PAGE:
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best temperature for Cast Iron Radiators

I live in a large 5,800 sq ft victorian with three floors and basement. I swapped out my 4 separate 4 inch mains and replace them with individual supplied 1/2" and 3/4" pex to each radiator. System worked great on oil but I cut my heating cost from 13K to 3 k when oiled prices soared by installing a coal boiler.



I utilized my dads way of reasoning by increasing my subject matter expert (not) recommendation of a 6kb boiler to the 8kb boiler. Thinking Id have adequate coverage. Not! Needed the 10K. When weather is sub zero water temp drops to 140 and the radiators cant maintain. I'm installing radiant heat this winter on the first floor so it can heat more effectively at 140 deg. Radiators call for water temps around 180 degrees while radiant flooring around 90 degrees.



The first few years in the house we followed the goverments recomendations by installing electronic thermostats and turned heat down at night. I had to shut it down at 7 pm because the heat idled until 11 pm.At 12 pm the heat came back on to heat the house back up for 6 am. You could hear the oil being sucked in. My oil man/plumber at the time said the radiators were constantly calling for heat because the water temp was to low. He increased the water temp and the result was great heat and less oil consumption. At its best I never burned less than 550 gallons every 21 days. OUCH! Wasn't bad when I was paying .50 cents a gallon. But when it soared to over 4.00 a gallon I was forced to go to coal to survive.



However with coal you dont have the luxury of instant fire to heat up water. What would be the best overall setting to maintain the first floor at? 70 degrees, 72 deg or what? At some point the radiator itself has to be at its most efficient levelof output versus maintaining its idle state. Does anyone know what temp level that would be for Cast iron radiators?



I know their is a complex formula for determining heat loss etc. Which will not change anything for me.

Comments

  • Catskill123
    Catskill123 Member Posts: 2
    best idle temperture

    I guess What is the best idle temperature for a radiator? is what I'm looking for. I only have a single thermastat on each floor. I can get a temperature reading from each radiator if needed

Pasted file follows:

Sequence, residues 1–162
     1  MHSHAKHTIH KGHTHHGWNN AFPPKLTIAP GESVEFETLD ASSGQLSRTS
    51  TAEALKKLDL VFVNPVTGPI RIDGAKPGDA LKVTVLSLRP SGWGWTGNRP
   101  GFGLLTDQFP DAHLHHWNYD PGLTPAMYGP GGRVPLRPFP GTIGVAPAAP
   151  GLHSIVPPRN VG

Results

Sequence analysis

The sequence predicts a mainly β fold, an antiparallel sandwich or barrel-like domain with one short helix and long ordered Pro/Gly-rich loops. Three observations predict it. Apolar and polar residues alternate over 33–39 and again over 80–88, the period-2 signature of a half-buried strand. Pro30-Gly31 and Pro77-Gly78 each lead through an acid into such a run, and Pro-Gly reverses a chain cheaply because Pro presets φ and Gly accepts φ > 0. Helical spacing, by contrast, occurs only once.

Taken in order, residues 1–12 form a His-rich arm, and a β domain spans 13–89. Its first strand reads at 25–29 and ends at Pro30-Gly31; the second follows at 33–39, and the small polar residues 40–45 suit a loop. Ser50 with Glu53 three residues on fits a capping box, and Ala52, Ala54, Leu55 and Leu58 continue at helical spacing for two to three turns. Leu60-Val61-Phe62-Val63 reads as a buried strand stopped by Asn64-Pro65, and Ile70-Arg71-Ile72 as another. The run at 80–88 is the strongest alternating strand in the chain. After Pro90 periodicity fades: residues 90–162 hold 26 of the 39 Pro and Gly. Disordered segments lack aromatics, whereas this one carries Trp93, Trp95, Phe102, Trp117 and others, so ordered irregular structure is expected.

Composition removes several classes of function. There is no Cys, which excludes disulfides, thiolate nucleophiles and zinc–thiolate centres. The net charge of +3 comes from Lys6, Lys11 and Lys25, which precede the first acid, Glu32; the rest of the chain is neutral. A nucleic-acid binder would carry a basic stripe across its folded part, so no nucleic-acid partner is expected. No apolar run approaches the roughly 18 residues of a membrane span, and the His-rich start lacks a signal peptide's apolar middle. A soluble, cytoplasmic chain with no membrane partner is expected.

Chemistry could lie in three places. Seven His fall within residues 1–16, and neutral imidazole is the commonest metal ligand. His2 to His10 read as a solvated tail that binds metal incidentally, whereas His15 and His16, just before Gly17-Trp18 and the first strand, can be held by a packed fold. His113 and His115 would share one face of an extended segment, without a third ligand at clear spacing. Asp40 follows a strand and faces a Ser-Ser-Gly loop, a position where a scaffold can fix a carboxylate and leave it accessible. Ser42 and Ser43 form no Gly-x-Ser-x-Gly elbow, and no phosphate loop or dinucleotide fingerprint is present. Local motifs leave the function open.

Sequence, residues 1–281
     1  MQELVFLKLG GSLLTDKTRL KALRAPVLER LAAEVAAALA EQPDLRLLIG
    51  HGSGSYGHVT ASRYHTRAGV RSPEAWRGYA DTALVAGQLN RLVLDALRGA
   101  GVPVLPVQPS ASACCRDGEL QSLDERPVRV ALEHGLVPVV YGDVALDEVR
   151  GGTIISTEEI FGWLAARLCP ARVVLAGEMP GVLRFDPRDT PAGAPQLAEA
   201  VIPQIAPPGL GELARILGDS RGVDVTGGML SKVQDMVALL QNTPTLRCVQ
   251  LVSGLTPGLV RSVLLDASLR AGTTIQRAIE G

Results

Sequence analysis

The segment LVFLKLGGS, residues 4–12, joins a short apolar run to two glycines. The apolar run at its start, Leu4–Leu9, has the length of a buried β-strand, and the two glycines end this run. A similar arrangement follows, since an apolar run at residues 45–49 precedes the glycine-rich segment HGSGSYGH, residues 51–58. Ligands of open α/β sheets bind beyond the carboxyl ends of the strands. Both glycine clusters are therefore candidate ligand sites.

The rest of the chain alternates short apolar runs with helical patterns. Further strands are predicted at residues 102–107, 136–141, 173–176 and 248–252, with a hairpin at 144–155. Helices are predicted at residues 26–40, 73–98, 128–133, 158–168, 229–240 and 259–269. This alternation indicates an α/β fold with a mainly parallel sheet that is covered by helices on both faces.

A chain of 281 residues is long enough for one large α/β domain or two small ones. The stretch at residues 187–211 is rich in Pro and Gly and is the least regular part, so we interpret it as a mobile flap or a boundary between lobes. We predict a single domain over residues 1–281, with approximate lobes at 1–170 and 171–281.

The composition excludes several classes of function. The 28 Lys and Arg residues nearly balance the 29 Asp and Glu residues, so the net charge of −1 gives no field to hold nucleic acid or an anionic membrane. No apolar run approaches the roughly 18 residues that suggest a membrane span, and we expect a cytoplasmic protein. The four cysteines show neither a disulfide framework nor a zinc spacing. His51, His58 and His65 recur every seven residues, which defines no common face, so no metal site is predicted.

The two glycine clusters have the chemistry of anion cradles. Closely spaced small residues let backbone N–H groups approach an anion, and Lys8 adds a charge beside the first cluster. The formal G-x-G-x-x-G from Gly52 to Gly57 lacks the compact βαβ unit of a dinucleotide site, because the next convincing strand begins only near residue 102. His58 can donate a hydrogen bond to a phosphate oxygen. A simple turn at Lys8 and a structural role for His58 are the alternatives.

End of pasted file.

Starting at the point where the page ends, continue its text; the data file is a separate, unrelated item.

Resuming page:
• JohnNY
    JohnNY Member Posts: 2,762
    There's no "best".

    Most hot water radiators' published output ratings are based on 180° degree water, but that doesn't really help you. That's only an industry standard. If you knew the heat loss of the areas where the radiators reside, you could look up their ratings and see for yourself at what water temperature and flow rate they meet the heat demand of the rooms they serve.
    Contact John "JohnNY" Cataneo, Master Plumber
    in New York
    in New Jersey
    for Consulting Work
    or take his class.
  • Jason_13
    Jason_13 Member Posts: 299
    figure it out

    Do your heat loss per room, measure the radiation. and use this chart.

    Enter the second row to the btu per sq. ft. of radiation, look up and that is your water temperature. Set to the highest required. If zoned you would calculate by zone.

    http://www.comfort-calc.net/btu_pipe.htm#water_Temp

    For example.

    your room is 12,000 btu's and the sq ft of radiation is 80 sq ft,

    12,000/150 sq. ft. of radiation = 80 btu's per sq ft.

    From the chart you see 80 is between 70 and 90. The water temperature is between 130f and 140f. The water temp you need is 135f.

    This gives you a very good starting point.
  • How About Insulation

    Could you add to your insulation, or do "Air Sealing". How about shutting down some of the rooms, do you use them all?



    Thanks, Bob Gagnon
    To learn more about this professional, click here to visit their ad in Find A Contractor.
  • Robert_H
    Robert_H Member Posts: 135
    edited November 2013
    The formula isnt too complicated, even I figured it out :D

    I'm currently installing so old cast iron rads in my house with a modcon boiler. I purposely oversize the rads meet design day heat loss at 140 supply temp. I built a spreadsheet that given the EDR of the rads provides a table of BTUH vs supply temp. I plan to some day offer it to the community for putting up with my questions for the last 8 months. 



    Its not ready for the public yet but If you can tell me the manufacturer, number of sections and column/tube count, of your radiators,  Ill would be happy to run the numbers and send you the table.



    You will still need to do a heat loss estimate on your spaces to help you dial the right heat in. 



    Robert
  • Robert_25
    Robert_25 Member Posts: 366
    boiler capacity

    Sounds like your boiler is undersized for the load.